• Better: plain text input file, line-by-line homemade string parsing
  • Best: file parsing library

Tools: python argparse, xml rng, json, etc.

Getting It Right

“ The scientific method’s central motivation is the ubiquity of error—the awareness that mistakes and self-delusion can creep in absolutely anywhere and that the scientist’s effort is primarily expended in recognizing and rooting out error. ” - Donoho, 2009.

Error Detection

  • Good: show results to experts
  • Better: integration testing
  • Best: unit test suite, continuous integration

Error Diagnostics

  • Good: re-re-read the code
  • Better: print statements
  • Best: use a linter, a debugger, and a profiler

Tools: cpplint, pyflakes, gdb, lldb, pdb, idb, valgrind, kernprof, kcachegrind

Error Correction

  • Good: fix code
  • Better: fix, add an exception
  • Best: fix, add an exception, add a test


Getting It Together

“ Two of the biggest challenges scientists and other programmers face when working with code and data are keeping track of changes (and being able to revert them if things go wrong), and collaborating on a program or dataset. ” - Wilson, et al. 2014.

Merging Collaborative Work

  • Good: single master copy, waiting
  • Better: emails and patches
  • Best: remote version control

Peer Review For Code

  • Good: separation of concerns
  • Better: shared repository
  • Best: peer-reviewed pull requests
“ just-in-time review of small code changes is more likely to succeed than large-scale end-of-work reviews. ” - Petre, Wilson 2014


  • Good: weekly research meetings, year-long tasks
  • Better: daily conversations, month-long goals
  • Best: pair programming, issue tracking

Software Handovers

  • Good: zip file, theory paper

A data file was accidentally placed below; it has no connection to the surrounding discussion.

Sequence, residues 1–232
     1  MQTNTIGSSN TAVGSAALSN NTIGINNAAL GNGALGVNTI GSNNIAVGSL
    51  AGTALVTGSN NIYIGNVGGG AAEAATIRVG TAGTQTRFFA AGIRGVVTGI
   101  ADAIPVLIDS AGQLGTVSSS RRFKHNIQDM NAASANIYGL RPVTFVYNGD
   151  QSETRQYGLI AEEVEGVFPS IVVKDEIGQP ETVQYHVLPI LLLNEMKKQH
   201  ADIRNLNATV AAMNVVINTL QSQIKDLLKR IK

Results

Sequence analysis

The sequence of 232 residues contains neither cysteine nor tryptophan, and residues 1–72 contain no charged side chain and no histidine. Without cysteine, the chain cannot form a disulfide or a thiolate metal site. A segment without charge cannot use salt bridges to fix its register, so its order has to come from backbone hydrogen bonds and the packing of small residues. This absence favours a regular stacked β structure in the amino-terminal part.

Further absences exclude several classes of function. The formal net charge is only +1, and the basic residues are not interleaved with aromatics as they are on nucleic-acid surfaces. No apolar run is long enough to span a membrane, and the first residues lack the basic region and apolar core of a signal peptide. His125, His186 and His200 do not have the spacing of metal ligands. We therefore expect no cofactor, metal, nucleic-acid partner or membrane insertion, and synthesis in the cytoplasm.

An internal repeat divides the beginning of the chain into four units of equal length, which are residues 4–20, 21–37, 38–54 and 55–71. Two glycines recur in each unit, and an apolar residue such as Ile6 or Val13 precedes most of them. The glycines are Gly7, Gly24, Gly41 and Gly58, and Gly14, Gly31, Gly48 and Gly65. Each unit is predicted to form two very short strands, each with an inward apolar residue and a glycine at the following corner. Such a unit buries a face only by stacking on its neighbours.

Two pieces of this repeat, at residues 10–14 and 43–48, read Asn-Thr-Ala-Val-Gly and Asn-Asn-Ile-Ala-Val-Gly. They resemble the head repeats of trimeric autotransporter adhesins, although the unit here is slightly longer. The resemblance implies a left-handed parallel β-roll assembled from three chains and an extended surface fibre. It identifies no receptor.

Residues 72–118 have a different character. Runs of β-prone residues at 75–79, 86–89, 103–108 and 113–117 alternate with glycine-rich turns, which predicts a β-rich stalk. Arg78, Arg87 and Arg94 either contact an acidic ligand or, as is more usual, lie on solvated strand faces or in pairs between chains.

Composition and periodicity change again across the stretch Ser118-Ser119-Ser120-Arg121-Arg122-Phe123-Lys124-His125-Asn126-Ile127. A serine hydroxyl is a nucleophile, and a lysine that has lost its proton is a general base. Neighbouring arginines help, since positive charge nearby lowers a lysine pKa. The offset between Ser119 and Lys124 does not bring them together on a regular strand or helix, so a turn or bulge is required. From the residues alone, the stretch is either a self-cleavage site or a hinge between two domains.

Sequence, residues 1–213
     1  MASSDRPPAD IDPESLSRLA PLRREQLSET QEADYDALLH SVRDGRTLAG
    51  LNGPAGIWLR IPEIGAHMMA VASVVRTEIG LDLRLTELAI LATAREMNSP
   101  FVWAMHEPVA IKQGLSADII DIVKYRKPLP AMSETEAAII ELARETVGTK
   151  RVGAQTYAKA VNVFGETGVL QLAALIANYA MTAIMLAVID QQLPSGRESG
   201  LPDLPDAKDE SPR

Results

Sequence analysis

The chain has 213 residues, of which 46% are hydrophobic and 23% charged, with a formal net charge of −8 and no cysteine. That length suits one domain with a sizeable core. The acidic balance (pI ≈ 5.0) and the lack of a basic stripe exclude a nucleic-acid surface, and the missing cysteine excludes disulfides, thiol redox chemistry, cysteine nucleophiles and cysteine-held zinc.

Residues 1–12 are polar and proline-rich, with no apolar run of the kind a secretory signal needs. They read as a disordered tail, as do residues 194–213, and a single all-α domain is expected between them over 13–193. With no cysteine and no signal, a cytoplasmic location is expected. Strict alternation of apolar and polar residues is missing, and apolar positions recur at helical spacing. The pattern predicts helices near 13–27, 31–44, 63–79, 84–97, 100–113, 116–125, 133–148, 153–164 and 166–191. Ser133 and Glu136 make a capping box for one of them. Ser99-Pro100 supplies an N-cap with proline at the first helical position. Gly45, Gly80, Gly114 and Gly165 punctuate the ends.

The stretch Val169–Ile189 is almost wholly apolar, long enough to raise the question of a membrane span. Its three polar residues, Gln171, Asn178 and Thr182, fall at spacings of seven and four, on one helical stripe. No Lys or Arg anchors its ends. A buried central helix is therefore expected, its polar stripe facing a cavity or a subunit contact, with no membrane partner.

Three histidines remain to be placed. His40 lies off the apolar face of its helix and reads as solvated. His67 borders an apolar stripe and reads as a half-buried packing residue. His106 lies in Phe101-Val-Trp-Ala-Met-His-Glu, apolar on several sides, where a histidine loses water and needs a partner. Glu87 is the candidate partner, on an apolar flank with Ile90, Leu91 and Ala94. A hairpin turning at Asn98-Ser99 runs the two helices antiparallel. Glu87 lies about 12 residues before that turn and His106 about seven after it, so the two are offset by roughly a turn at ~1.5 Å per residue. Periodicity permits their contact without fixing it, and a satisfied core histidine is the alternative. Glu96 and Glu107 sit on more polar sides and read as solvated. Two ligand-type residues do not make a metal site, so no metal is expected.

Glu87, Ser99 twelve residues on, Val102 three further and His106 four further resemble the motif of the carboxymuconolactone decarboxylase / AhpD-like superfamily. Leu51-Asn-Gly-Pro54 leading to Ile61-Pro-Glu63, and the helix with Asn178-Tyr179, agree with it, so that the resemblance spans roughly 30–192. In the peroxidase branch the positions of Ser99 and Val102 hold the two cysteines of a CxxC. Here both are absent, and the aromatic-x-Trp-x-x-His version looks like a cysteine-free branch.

• Better: comments in code, example input file
  • Best: automated documentation, test suite

Books: Clean Code, Working Effectively with Legacy Code

Tools: sphinx, doxygen, gooletest, unitttest, nosetests

Getting It Out There

“ If a piece of scientific software is released in the forest, does it change the field? ”


  • Good: custom formatting, clickable GUI
  • Better: plot format templates (excel, mathematica)
  • Best: scripted plotting, matplotlib, gnuplot, etc.


  • Good: stone tablet, microsoft word
  • Better: word with track changes, open office
  • Best: plain text markup with version control and a makefile

Tools: LaTeX, markdown, restructured text

Distribution Control

  • Good: "email to request access"
  • Better: license file
  • Best: license file, citation file, DOI, forkable repository


Unique Issue in Nuclear Engineering

Export control is serious.

Export Control is a big deal in nuclear

Community Adoption

  • Good: none, internal use only
  • Better: online repository, developer email online
  • Best: issue tracker, user/developer listhost(s), online documentation


Ok, I'm convinced. So how can one learn this stuff?

Online Resources


Good Books

  • Clean Code - Robert C. Martin
  • Working Effectively with Legacy Code - Martin Fowler
  • Effective Computation in Physics - Huff, Scopatz


Katy Huff
Creative Commons License
Techniques and Tools for Software Engineering by Kathryn Huff is licensed under a Creative Commons Attribution 4.0 International License.